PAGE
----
According to the AAUW’s The Simple Truth About the Gender Pay Gap by the AAUW, college educated women with full time jobs, make on average 26% less than their male counterparts. These inequalities are even larger when we examine the gender pay gap for URM women. For example, Hispanic women make 54% of white non-Hispanic men's wages. Help address this inequality by being transparent with salary range and relocation expenses typically offered early in the applicant review process.

Disrupt the bias in your hiring process

Bias Interrupters provides a 3-Step Approach and toolkit with simple steps to disrupt unconscious bias during hiring. Bias arises throughout the selection process including reviewing resumes, interviewing candidates and negotiating salary.

Hire for culture add vs. culture fit

Hiring for a culture fit can lead to affinity bias; consider these tips.

Foster opportunities for candidates to find their community

During the interview process provide opportunities for candidates to explore the city/location, share information about company resources including connections to employee resource groups (ERG’s) or mentorship programs.

Engage in opportunities to support students’ career exploration

Connect with MIT students early by hosting a micro-intern, encouraging MIT Alum to join Alumni Advisors Hub, or volunteering to speak on panels. These engagements help students develop more connections in industry.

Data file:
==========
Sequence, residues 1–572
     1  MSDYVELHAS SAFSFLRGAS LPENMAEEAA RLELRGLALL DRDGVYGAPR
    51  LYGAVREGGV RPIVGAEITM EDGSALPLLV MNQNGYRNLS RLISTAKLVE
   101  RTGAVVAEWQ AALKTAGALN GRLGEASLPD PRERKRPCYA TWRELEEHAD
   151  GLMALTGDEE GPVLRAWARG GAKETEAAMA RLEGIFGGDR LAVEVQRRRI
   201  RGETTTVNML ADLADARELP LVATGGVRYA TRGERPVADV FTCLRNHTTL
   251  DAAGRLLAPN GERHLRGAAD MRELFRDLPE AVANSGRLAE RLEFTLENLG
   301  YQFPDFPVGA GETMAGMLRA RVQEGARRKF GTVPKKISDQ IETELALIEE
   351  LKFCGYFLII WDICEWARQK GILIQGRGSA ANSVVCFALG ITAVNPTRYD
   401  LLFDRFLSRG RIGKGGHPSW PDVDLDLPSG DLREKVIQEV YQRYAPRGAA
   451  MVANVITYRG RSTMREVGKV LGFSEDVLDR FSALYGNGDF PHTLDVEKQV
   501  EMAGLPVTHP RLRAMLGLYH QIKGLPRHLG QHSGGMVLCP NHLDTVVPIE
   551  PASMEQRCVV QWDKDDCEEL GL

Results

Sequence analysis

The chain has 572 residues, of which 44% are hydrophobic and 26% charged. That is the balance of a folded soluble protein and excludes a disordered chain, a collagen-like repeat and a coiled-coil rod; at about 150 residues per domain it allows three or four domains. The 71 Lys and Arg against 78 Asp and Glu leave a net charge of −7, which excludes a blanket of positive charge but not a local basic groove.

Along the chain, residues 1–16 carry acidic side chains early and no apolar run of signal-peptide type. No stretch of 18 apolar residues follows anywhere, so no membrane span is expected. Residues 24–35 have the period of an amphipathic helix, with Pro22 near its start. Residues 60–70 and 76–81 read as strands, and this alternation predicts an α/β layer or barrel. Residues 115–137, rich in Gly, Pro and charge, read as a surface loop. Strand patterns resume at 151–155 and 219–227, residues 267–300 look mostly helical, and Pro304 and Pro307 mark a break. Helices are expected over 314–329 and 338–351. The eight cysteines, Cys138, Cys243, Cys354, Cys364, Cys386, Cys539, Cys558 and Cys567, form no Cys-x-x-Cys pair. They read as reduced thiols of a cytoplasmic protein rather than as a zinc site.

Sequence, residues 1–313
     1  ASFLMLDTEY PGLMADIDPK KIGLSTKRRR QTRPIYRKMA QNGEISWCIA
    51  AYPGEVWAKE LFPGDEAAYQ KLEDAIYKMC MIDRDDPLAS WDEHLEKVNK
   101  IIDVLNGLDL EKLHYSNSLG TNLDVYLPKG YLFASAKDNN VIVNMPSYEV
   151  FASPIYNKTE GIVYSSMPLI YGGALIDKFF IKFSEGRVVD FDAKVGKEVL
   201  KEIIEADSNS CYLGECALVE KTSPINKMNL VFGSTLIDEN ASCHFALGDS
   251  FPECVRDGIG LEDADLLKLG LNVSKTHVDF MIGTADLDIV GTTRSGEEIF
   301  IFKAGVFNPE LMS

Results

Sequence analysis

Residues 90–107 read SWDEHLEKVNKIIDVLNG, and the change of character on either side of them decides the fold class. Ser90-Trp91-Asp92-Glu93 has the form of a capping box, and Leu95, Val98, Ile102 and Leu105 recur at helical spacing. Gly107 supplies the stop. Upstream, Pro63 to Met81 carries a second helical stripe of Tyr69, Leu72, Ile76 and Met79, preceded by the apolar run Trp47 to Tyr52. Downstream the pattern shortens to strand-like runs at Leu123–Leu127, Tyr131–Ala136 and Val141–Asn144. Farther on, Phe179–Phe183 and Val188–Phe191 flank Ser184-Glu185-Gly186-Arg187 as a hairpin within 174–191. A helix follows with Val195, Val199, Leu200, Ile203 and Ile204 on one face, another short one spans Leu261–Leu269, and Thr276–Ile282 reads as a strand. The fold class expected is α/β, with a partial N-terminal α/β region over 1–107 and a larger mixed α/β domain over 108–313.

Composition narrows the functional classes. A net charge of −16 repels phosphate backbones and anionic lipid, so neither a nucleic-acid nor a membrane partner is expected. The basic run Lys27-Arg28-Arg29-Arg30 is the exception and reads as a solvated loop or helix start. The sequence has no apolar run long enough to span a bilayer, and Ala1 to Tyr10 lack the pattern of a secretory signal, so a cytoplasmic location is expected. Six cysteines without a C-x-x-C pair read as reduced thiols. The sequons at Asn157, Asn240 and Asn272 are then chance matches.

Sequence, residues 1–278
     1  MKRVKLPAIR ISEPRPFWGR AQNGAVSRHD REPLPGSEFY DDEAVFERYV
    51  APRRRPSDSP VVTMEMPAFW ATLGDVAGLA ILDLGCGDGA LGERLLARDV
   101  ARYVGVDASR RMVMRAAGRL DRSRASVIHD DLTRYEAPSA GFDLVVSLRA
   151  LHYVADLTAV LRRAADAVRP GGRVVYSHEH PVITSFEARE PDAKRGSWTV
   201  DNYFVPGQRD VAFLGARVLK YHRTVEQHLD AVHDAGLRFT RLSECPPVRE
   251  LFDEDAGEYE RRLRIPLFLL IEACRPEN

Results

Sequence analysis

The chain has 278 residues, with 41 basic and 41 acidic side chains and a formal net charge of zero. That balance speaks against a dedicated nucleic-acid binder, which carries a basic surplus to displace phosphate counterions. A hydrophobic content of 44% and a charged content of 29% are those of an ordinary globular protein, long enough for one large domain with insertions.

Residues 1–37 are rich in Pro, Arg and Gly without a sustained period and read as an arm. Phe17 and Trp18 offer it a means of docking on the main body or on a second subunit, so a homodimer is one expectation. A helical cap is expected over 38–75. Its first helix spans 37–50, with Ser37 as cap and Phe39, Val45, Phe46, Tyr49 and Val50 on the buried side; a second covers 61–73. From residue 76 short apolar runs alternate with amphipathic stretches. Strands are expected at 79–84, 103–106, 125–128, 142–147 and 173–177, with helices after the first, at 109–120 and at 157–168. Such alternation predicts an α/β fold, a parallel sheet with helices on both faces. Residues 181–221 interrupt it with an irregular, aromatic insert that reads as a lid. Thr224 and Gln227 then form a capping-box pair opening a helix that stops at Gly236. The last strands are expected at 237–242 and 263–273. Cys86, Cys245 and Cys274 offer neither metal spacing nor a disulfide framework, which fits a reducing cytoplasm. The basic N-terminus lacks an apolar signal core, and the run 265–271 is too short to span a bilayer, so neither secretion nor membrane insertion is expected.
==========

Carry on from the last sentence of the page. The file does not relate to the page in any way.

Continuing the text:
Recruit for Diversity

Across MIT there are a number of departments, programs, and resources which you are encouraged to connect with in order to recruit underrepresented groups.

Post to Handshake

All students and post-docs at MIT are encouraged to search for opportunities on Handshake. Post your company's internship programs which target URM students and other full-time opportunities on Handshake under the "jobs" category. If your organization offers virtual or in-person events including programs, conferences, recruiting events among other, post them to Handshake as an event.

Contact CAPD Employer Relations

Connect with CAPD’s employer relations team to gain insight on how to promote your URM programs and opportunities. Email hiremit@mit.edu and include the information about the program or opportunity you hope to recruit for as well as the Handshake link for those opportunities.